Dealey's Dixieland Diddy

That hot jazz jam is a great sound from the early days. It is a fun time in a group scenario. Read on to learn a secret to that hot swinging sound - then go share that secret with your buddies. Some secret, eh?

Dealey's Dixieland Diddy
That hot jazz jam is a great sound from the early days. It's a great jam in the group scenario, and the rhythm is even fun all by yourself. Best of all, it's just another way of playing I-IV-V; so it's really something we already know instinctively. The magic is all in that bouncing rhythm created from the alternating bass technique, and feeling the swing of the dance while you bob your head.

This jam is based around a variant of the 6/9 chord, D. However, if you look at the shape of it, your muscles might recognize it from another angle. Begin planting your hand on the fretboard by making the A minor shape (only up two frets), and after planting that, use your pinky to bounce back and forth on the lowest two strings at the fifth fret. If your pinky finger is big enough, you can fret both, low E and A, strings at the same time.

This is what it sounds like: Audio Example 1 - D 6-9 (no 3).

This style of jam calls for a bit of pep, so introducing an alternating bass rhythm to the chord, and while palm muting, it will really jazz up.

Audio Example 2 - Swing Rhythm.

When the chord above is played with a hot swing rhythm, it makes a different flavor, one which plays on the fact this chord is heavily influenced by its companion chord, Bmin7, which would put us in D major territory. However, because we are not playing the third interval in the D chord, we could also begin to hear it as D minor territory.

No third interval means that we can swing in all directions, major or minor.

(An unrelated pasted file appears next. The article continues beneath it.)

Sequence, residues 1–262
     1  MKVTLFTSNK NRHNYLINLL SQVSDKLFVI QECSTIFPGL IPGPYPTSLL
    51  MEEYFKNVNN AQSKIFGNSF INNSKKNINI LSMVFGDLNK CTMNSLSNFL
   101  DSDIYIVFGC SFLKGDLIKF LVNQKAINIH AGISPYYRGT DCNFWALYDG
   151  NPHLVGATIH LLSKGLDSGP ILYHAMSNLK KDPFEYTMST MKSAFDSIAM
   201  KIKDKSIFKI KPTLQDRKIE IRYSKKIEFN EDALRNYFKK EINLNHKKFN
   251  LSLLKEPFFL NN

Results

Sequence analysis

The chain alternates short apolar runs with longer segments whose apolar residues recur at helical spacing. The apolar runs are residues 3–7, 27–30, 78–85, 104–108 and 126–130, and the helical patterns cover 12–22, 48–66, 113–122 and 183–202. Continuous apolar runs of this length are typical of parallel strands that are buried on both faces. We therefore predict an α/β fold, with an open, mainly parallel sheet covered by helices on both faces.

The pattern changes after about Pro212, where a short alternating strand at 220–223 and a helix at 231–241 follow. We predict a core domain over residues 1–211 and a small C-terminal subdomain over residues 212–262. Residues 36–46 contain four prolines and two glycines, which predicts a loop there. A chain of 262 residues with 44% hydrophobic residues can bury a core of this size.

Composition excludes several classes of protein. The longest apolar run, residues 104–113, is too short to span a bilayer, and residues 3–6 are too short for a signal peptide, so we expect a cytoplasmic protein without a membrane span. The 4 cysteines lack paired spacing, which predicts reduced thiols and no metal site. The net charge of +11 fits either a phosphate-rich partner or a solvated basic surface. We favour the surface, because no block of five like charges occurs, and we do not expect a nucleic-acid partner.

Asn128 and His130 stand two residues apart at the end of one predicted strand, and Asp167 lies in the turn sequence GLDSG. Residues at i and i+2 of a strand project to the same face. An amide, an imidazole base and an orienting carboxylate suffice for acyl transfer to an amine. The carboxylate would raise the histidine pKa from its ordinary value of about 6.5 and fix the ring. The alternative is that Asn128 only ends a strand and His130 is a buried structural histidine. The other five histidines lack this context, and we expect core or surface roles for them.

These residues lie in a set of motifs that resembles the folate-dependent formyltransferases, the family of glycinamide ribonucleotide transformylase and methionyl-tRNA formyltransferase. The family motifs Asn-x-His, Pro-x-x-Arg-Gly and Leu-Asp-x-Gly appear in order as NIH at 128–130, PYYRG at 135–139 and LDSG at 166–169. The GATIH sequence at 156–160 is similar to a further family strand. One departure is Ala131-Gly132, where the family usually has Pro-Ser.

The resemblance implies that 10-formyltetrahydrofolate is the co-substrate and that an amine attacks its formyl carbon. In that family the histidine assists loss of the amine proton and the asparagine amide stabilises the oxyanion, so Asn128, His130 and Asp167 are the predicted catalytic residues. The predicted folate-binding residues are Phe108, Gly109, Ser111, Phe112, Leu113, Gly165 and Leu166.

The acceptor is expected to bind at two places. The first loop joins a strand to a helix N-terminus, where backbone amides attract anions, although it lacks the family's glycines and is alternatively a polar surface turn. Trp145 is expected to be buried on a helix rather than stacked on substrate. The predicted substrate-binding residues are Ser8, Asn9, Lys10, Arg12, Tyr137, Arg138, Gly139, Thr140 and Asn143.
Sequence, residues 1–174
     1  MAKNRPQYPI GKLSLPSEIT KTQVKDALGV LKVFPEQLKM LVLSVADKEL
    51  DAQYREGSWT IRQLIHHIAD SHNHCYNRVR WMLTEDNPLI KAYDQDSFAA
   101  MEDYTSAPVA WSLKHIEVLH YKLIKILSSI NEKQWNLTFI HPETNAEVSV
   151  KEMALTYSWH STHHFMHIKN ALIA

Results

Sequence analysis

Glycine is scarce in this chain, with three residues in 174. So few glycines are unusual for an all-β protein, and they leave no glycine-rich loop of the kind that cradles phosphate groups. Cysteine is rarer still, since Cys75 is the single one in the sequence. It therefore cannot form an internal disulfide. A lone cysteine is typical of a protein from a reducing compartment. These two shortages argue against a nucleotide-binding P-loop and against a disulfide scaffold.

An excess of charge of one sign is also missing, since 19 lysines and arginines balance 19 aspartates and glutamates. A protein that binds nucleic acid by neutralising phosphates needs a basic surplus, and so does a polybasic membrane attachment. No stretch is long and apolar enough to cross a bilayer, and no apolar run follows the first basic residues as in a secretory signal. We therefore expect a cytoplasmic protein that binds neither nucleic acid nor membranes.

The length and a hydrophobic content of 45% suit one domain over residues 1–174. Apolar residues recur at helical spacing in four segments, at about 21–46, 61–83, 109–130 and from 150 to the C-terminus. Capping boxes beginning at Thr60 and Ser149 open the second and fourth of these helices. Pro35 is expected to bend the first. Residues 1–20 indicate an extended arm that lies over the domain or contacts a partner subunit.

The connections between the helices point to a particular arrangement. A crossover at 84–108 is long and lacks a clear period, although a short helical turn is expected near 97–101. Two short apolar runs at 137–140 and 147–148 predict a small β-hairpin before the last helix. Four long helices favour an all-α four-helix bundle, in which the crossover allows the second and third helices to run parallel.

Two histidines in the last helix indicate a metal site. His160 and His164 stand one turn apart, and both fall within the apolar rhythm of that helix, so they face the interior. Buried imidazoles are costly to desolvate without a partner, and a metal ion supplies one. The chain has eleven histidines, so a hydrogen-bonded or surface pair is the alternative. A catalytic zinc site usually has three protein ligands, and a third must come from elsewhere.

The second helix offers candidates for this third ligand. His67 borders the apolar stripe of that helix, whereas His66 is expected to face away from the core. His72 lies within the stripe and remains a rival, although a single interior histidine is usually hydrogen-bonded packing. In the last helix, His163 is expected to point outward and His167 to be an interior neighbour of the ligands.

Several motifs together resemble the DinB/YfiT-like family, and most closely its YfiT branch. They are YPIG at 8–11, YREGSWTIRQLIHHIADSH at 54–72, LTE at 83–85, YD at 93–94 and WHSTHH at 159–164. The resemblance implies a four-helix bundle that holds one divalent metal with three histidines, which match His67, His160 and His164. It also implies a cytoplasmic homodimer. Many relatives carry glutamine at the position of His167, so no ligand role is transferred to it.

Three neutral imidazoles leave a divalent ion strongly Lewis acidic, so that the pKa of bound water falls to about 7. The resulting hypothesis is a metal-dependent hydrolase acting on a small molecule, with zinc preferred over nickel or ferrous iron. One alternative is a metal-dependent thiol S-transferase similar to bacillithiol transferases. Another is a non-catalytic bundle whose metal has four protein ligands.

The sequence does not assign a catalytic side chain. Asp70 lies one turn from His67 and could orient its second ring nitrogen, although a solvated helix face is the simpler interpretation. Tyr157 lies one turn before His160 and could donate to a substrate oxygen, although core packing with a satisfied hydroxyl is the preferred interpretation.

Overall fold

If have a jam buddy, one guy solos over the chords using B minor pentatonic licks. Then you switch while the other guy solos over the chords using D minor pentatonic licks. Changing the soloists in this fashion, creates a positive melodic movement without changing the core rhythm and bass. The rhythm is always treading water, and the lead is drifting away in all directions, tethered loosely with a long rope. The farther away the lead drifts from the rhythm, the harder it is to wind the rope all the way back in, unless one uses melodic gravity to stabilize the orbit, reign it in and create a sonic relationship resembling the one between the Earth and the moon. Pentatonics are very good at this task, and so is the 6/9 chord. Working together, they will stop us from hearing the dark side of the moon. Or, we could all decide to stop listening to classic rock radio repeats. There are plenty of other songs, from sixties through the eighties, which are also very awesome and we haven't heard them seventeen times today. Oh terrestrial radio, you aging dinosaur refusing to evolve, how you've squandered your once mighty power.

Audio Example 3 - Progression 1.

When comfortable with the rhythm and muscle memory behind the first chord, refer to the audio example above and train your hands how to flow the last two chords over the last two beats of the first row in the image above.

Then after gaining confidence with those new movements, take it on down to the IV. Maintain the same flow already built, but this time instead of three chords, it is two chords. Refer to the second row of chords in the image above.

Now loop the whole thing. Stay tuned for next time when we'll turn it around and bring the whole thing home.

Happy jamming!

About the Author:
Dealey is a Vancouver, Canada based guitarist, songwriter, recording engineer and producer. He is the author of the forthcoming independent book, The Relative Nature of Chords: A Street-Smart Field Guide for Guitar. Watch for exclusive excerpts on Ultimate-Guitar! You can support his ventures by buying his music here or talk to him about collaborating on your project by email.

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    Hey, but if we're fretting the 4th fret D string when playing the D 6/9 chord, then we ARE playing the 3rd interval for the D Major Scale, surely?